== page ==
Recently, my family and I moved to a new state. Overall, I’d say the move was the right choice for us, but little things keep creeping in as we adjust to being in a new place. The most recent development has to do with the cafeteria at my kids’ school. Over the weekend, my daughter informs us that she isn’t allowed to sit with the boys at lunch time. I asked all kinds of questions. Are you sure it’s a rule? Maybe that’s something everyone just does naturally. Did you ask about it? What would happen if you sat next to a boy? She didn’t have answers to these questions. So I started asking, first her teacher, who was no help at all. He couldn’t even say definitively that it was a rule. Then I spoke to the principal, and needlesss to say, it’s all rather baffling.
To summarize the conversation, I’d like to briefly state the reasons that the principal gave to me as to why this is a rule in the school. I’ll follow those up with a short rebuttal (as if you guys even need it).
First, he told me that this was a long-standing rule that was in place before he became principal of the building. This is almost laughable since longevity is never a reason to do anything.
Next, he told that, “It’s not my rule. The teachers put it in place a long time ago.” So not only does he not want to take responsibility for things that happen in his building, he’s more than willing to pass the buck. Still, not a reason. Moving on.
So after for what I’m sure was 10 minutes, we got to efficiency. Ok, now I’m kind of with him except you can efficiently move children in and out of a cafeteria without segregating them. As the system works now, children come into the cafeteria, get their lunch, and sit at an assigned table according to what class they’re in. The tables are then divided in half by an imaginary line with girls on one side and boys on the other. I’m fine with children sitting with their class so that teachers can move them quickly and efficiently in and out of the cafeteria, but it seems to me that if you want to be super efficient, you’d go the extra step and assign seats or have children file in based on the order they stood in line, not ask them to walk to different ends of the tables. So it’s an extra and unnecessary requirement.
Then I got the argument that this segregated system minimizes disruptions. So then I threw out the question: What disruptions were taking place prior to this rule that actually required the rule? The principal could not answer that question. So…um…if you can’t identify a behavior that the rule “fixed,” then the rule isn’t defensible.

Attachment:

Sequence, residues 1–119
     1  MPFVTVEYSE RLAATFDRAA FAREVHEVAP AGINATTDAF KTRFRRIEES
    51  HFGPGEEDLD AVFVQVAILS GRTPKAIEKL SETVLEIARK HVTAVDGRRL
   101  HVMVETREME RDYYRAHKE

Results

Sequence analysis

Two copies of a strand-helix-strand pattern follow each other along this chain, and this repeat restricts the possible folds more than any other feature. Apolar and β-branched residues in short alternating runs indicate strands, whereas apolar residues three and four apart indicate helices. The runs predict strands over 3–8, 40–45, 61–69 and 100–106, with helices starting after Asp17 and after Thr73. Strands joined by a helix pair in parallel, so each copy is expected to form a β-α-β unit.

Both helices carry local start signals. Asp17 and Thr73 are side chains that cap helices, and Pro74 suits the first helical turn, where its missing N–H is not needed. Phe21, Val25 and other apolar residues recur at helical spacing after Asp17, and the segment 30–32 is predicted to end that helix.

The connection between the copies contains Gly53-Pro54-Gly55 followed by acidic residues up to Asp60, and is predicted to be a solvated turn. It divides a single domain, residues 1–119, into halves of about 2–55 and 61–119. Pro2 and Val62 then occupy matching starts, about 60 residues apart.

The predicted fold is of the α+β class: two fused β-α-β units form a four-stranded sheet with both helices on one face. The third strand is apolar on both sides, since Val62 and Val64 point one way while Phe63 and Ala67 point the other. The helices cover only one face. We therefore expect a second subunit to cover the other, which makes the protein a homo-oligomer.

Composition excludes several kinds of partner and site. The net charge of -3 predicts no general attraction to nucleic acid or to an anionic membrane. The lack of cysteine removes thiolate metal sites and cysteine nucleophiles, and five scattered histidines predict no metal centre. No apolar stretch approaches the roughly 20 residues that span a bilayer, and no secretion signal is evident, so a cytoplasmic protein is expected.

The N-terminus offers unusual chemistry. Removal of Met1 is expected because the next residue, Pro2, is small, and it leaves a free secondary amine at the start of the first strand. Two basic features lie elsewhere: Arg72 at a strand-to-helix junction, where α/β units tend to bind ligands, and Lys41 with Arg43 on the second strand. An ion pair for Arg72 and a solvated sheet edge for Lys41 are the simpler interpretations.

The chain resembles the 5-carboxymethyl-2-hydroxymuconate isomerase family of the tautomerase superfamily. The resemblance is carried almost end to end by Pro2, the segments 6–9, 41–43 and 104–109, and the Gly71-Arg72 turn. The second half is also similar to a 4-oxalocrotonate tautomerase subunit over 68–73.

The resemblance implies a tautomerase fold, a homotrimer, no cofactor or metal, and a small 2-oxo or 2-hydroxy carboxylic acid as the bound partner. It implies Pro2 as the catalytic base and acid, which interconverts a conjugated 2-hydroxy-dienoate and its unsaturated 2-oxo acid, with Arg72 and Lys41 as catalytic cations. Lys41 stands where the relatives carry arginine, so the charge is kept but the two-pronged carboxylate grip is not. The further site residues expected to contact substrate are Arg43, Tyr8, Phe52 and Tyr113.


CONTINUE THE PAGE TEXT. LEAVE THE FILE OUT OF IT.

Lastly, he pulls out the fact that kids self-segregate anyway. He even went the extra mile with this one and cited a book called Why are all the black kids sitting together in the cafeteria? So this book is about why people, specifically people of color, self-segregate, and one of the author’s findings is that people do this to be with people who they feel the most comfortable. For many, that means people who share the same racial identity. Children indeed do the same thing with gender. But not all people or children feel a strong pull to be with people of the same race or gender, and this rule makes that decision for the children instead of asking them what makes them comfortable or giving them the freedom to figure out in what social situations they are the most comfortable. From a child development viewpoint, that’s an awful rule.
Putting aside the fact that there really isn’t a good reason to continue enforcing this rule, there are some reasons why this rule is just plain wrong.
First, it perpetuates an idea that is still prevalent in some sectors of society that boys and girls behave better when separate. This is an idea that any coeducational institution should reject. In fact, I would argue that everyone should reject this idea. There is no evidence that boys and girls are more distracted or misbehave when interacting together. Even if you take into consideration the teen years and sexual attraction, adolescents are still likely to be preoccupied by sex even when they are not around the other gender. What’s more, when you do this, you’re buying into the idea that people are not capable of controlling themselves even when interested in the other gender.